Page 8: Candy reacts way too dramatically in the last panel. Is reincarnation that mind-blowing to her?
Page 10: Candy is apparently a dumb nerd. So why is she so serious about this random mythology trip?
Page 12: There've been little spelling and grammar errors scattered all over the place so far, but "interacted with her" is just about the strangest word choice I've seen in a long time.
Also on page 12, in the second and third panels, you may want to change the tone of the girls' clothes just a bit so they're easier to see against the background. Either that or change the background a bit.
Page 22: Why does Candy equate a serious expression with hiding something?
Also, what in the world is Candy going on about? Marissa talked about reincarnation, and somehow Candy knows she's reincarnated? Yeah, it's obvious that she is, but how in the world did an off-handed line about mythology--which, by definition, is not true--convince her that she's special?
Page 23: Ah, this explains a bit. Still, how does she know that's where her wind power came from? She says, "too soon to believe in a theory," but it's really obvious that the theory is correct. Maybe to shake things up a bit you could remove the prologue sequence in the beginning and then offer up some more theories and have Candy try to figure out which one is real?
Page 29: That kid looks just a wee bit old to be ten.
Page 31: What Candy reveals in the fourth panel is actually a fairly decent backstory. But why tell us it rather than show us Candy being conflicted over talking to people? She also talked to Sophie pretty easily, and if her emotions weren't strong then, when would they be?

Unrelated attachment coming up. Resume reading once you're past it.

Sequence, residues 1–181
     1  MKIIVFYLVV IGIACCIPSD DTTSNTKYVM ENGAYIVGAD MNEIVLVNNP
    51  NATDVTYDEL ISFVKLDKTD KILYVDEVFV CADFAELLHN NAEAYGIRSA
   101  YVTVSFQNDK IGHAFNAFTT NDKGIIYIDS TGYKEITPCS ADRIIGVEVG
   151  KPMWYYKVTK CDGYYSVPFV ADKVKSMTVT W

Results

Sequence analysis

Page 38: Seeing your parents dead IS traumatizing. So much, in fact, that 100% of kids who see a parent die get PTSD. I'd have to assume Marissa has it, and now I expect it to show.
Page 39: Yeah. Like that. It's not usually that extreme, but I can believe it in this case. The gunshot wound doesn't really look like a gunshot wound, though. It looks like a bruise. Also, you may want to look up what it feels like to be shot. I don't think Candy would be have a straight face after that.
Here's some references to save you some search time:
Page 40: Yeah, way too straight-faced after taking the bullet. The first few panels are all right, but then she just settles down and keeps talking. Again, doesn't look like a bullet wound.
Overall, despite the implied serious nature of the story, it feels kind of fluffy, and it wasn't any one thing that created that feeling. Candy's reactions to everything, the way the blood is drawn, how the camera doesn't show any direct, dynamic action sequences (Candy and Sophie crashing into each other, Candy being shot), and the stereotypical prologue/epilogue sections that pull away from the main cast to show more important people talking about more important things all contribute to a manga that feels--well, like a manga.
That's not a bad thing, necessarily, because it's a manga. It just feels like a generic urban fantasy with nothing unique to make it truly great. You've got all the basics down: good art, paneling and dialogue balloons that let the reader's eye flow from one to the other in the proper order, and a decent story and characters. There's really nothing inherently wrong with generic manga. People will still read it and people will still like it. If you want to be truly exceptional, however, you'll have to do something that's rarely, if ever been done before, or you'll have to do the same thing everyone else is doing, but on a much higher level.
Also, spelling and grammar. I know you're not a native English speaker, so I could help with that if you'd like.